This study examined the effect of compatibilizers, polyamide-6 grade, fillers, and injection rate on the properties of polyamide-6/TPO blends. The addition of polyamide-6 to TPO raised tensile and flexural moduli, and consequently, DTUL and scratch resistance; however, it adversely affected Izod impact strength. While a di-terminated polyamide-6 (NH2 capped) exhibited better properties than a non-terminated material (COOH end), wollastonite fillers had a greater influence on the blend properties. Compatibilizers primarily impacted elongation, impact strength, and scratch resistance whereas high injection velocities increased impact strength and scratch resistance.
Recycled Fiberglass Composite as a Reinforcing Filler in Post-Consumer Recycled HDPE Plastic Lumber
S.D. George, S.H. Dillman, May 2000
Post-consumer high-density polyethylene is commonly used to make lumber products, but such products are substantially less stiff than wood lumber. Using a two factor full factorial experimental design, the effects on tensile, flexural and impact properties of adding ground recycled fiberglass composite in combination with wood flour to high density polyethylene were investigated. The addition of ground fiberglass composite was found to significantly increase tensile and flexural modulus, while decreasing impact strength. Ground fiberglass was found to have a greater stiffening effect than wood flour, but wood flour had no significant effect on impact strength.
Polymer Near-Surface Behavior Characterized by Reflectometry and Complementary Techniques
Mark D. Foster, May 2000
Engineering the near-surface structure and properties of materials requires characterization tools that are sensitive to that structure and those properties. X-ray and neutron reflectometry provide exquisite depth resolution for near surface structure. These tools are most powerful, however, when combined with lower resolution complementary techniques that give the depth profile directly or with techniques which resolve the structure laterally. Reflectometry's capabilities are demonstrated by a study of the interfacial segregation of star-branched polymers in a blend of linear and star chains. Dynamic secondary ion mass spectroscopy and nuclear reaction analysis are used as complementary probes.
Compatibilization of PP/HDPE Blends: Morphology and Interfacial Tension
Adriana Martinelli Catelli de Souza, Nicole Raymonde Demarquette, May 2000
In this paper the compatibilization of polypropylene (PP)/high-density polyethylene (HDPE) blend was studied through morphological and interfacial tension analysis. Three types of compatibilizers were tested: ethylene-propylene-diene copolymer (EPDM), ethylene-vinylacetate copolymer (EVA) and styrene-ethylene/ butylene-styrene triblock copolymer (SEBS). The morphology of the blends was studied by Scanning Electron Microscopy. The interfacial tension between the components of the blends was evaluated using small amplitude oscillatory shear analysis. Emulsion curves relating the average radius of the dispersed phase and the interfacial tension to the concentration of compatibilizer added to the blend were obtained. It was shown that EPDM was more efficient as an emulsifier for PP/HDPE blend than EVA and SEBS.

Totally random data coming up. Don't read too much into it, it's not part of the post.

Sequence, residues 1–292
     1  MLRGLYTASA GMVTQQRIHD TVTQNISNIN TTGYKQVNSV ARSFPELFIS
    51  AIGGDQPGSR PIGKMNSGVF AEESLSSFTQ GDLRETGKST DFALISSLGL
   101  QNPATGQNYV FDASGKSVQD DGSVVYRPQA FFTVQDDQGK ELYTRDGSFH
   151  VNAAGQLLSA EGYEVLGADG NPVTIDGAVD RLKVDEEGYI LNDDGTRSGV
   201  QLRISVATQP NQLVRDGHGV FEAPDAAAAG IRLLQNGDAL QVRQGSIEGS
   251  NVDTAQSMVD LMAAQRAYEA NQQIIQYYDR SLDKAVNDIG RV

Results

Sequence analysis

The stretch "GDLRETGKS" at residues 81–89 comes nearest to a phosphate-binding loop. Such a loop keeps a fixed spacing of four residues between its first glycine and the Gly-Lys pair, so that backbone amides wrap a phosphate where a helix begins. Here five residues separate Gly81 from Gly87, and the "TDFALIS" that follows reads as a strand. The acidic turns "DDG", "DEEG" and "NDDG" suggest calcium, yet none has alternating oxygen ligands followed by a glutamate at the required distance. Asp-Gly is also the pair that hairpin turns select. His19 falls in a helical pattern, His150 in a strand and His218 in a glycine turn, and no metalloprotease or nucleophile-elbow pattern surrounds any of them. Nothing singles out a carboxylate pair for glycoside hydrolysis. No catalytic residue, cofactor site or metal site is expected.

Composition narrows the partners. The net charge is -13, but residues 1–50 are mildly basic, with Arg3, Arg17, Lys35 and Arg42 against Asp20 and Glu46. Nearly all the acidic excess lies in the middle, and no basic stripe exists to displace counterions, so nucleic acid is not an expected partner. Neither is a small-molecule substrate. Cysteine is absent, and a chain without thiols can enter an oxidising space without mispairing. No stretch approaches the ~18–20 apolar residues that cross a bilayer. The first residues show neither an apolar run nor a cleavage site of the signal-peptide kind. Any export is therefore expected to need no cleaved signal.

New Thermoplastic Resin Compounds Utilizing Highly Efficient Conductive Filler System
Niraj Patel, May 2000
During the last few years, there has been a rapid growth of electronic equipments within industrial, commercial and domestic environments. This has led to a need to control the problem of static build-up and discharge during the manufacture, distribution and usage of products containing microprocessors. In addition, often it is necessary to contain electromagnetic radiation (EMI), which can inhibit normal operation of microprocessor containing devices. The issue of static control and discharge is also important in areas such as prevention of ignition of flammable fluids and handling of powder (to prevent dust explosion). Commercial plastic materials are insulators and hence, are often modified using conductive materials like carbon fibers to provide static dissipation and EMI shielding. This paper describes highly efficient ESD / inherently shielding engineering thermoplastic resins which can be used in a broad variety of applications. A binder was identified in this study that enhanced shielding effectiveness and reduced resisitivty of resin systems with which it was incompatible.
Failure Analysis Case Studies, Part II: Effect of Material and End-Use
Rabeh H. Elleithy, May 2000
Some case studies are presented in this paper to show the effect of material choice and end-use on product failure. Microscopic analysis was used in these investigations to identify the fracture features. Additionally, mechanical analysis was utilized occasionally. The first case shows the importance of material choice and processing conditions on the failure of plastic products. The second case illustrates the negative effect of adverse end-use conditions on the failure of plastic parts. The third case describes the combined contribution of material choice and end-use to the plastic product failure.
Impact Test with Flat-Ended Impactor for Protective Materials: Specimen Thickness Effect
Ho Sung Kim, Robert M. Shafig, May 2000
Thickness effect on impact parameters is studied and a model is developed for flat-ended drop weight impact testing of visco-elastic materials. The model represents a relationship of specimen thickness with impact force/stress and impact energy. A polymeric material, ethylene-vinyl-acetate (EVA), was used for experimental verification. Experimental results for a thickness range of 1 to 9 mm at impact energy levels of 0.42, 0.96 and 1.54 Joules have been found to be in good agreement with predictions based on the model.